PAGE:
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Ohio jobs program up for renewal vote

COLUMBUS (AP) — Voters in the May 4 primary will decide whether to renew a state jobs program and change the site of one of four casinos planned in Ohio. Neither state ballot issue faces organized opposition but both have critics.

Issue 1 would extend the jobs creation program to 2016 by authorizing $700 million in additional bonds. Issue 2 would change the location of the Columbus casino from a downtown neighborhood to a former auto parts factory on the city’s west side.

Renewing the Third Frontier program, which provides startup money for companies in industries such as alternative energy and biomedical research, has bipartisan support and the backing of business leaders and labor groups at a time when Ohio has been bleeding manufacturing jobs and the state’s unemployment rate is at 10.9 percent.

The program has spent about $1 billion, generating $6.6 billion in economic activity in Ohio and creating 41,300 jobs, according to an independent study conducted by SRI International, a nonprofit research institute based in Menlo Park, Calif.

High-tech job growth in Ohio has increased 6.4 percent since 2004 — faster than most Midwest states but lower than the 9.1 percent industry growth for the entire U.S., according to an analysis by the Ohio Business Roundtable, a nonpartisan group of business leaders.

Third Frontier began in 2002 as a 10-year, $1.6 billion initiative. Even though it doesn’t expire until 2012, it must be renewed now to assure private investors that Ohio remains committed, supporters say.

“When you’ve got something that is successful, now is the time to take advantage of the opportunity,” said Jo Ann Davidson, a former Ohio House speaker and Republican National Committee co-chairwoman who is helping to promote the campaign.

Investments have included more than $33 million into solar panel technology in northwest Ohio, including Xunlight Corp., a company formed by a University of Toledo physics professor that makes solar panels that are lighter and more flexible than traditional models.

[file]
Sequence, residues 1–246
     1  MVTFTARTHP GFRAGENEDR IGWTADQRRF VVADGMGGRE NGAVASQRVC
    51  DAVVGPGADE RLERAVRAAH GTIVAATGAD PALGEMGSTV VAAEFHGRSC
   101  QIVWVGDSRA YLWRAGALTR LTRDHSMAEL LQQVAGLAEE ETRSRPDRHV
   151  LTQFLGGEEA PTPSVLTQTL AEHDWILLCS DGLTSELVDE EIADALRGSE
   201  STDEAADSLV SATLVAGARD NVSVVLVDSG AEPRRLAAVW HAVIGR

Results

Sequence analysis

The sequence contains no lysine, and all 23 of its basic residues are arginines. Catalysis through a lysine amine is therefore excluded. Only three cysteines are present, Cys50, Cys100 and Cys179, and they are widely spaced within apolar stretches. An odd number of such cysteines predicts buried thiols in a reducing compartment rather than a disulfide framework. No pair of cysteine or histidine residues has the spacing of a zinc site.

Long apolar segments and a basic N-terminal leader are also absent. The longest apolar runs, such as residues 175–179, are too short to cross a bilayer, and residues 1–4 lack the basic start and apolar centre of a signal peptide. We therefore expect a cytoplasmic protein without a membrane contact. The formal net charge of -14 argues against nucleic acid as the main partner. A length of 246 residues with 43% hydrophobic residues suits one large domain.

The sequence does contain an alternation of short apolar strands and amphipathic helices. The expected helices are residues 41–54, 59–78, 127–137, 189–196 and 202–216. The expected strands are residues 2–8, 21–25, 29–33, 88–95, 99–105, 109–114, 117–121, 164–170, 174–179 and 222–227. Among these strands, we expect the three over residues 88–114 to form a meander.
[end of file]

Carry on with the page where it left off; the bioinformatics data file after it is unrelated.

Renewing the Third Frontier program won’t raise taxes, but the bonds will need to be repaid from future state budgets.

The plan does have critics, including former state Rep. Tom Brinkman, a Republican from Cincinnati who argues that it encourages corporate welfare.

“Entrepreneurs have figured out that they don’t have to put up their own money because the state of Ohio is there with a handout,” he said.

The casino measure directly affects Columbus but requires a statewide vote.

Penn National Gaming Inc., which last November got voter approval to develop casinos in Cleveland, Columbus, Cincinnati and Toledo, wants to build the Columbus casino on property occupied by a former Delphi auto parts factory.

The casino had been planned for the Arena District, which is home to the Columbus Blue Jackets hockey team and the city’s new minor league baseball stadium. But Mayor Michael Coleman objected, saying it would clash with the downtown neighborhood’s family oriented theme.

At the urging of Coleman and various state lawmakers, Penn National Gaming agreed to change locations. The Legislature passed a joint resolution putting the issue on the May ballot.

Rob Walgate, vice president of the Ohio Roundtable, which has traditionally opposed expanded gambling in Ohio, said the deal with lawmakers shows how much clout the gambling industry has in the state.

Walgate said his group isn’t organizing a campaign against Issue 2 but is encouraging voters to turn it down because it’s essentially a special favor to Columbus business interests.

If Issue 2 fails, Penn National Gaming would go back to the downtown location, as required by the state Constitution.

“But we’re confident people will understand that there really is no reason to vote against this,” company spokesman Bob Tenenbaum said.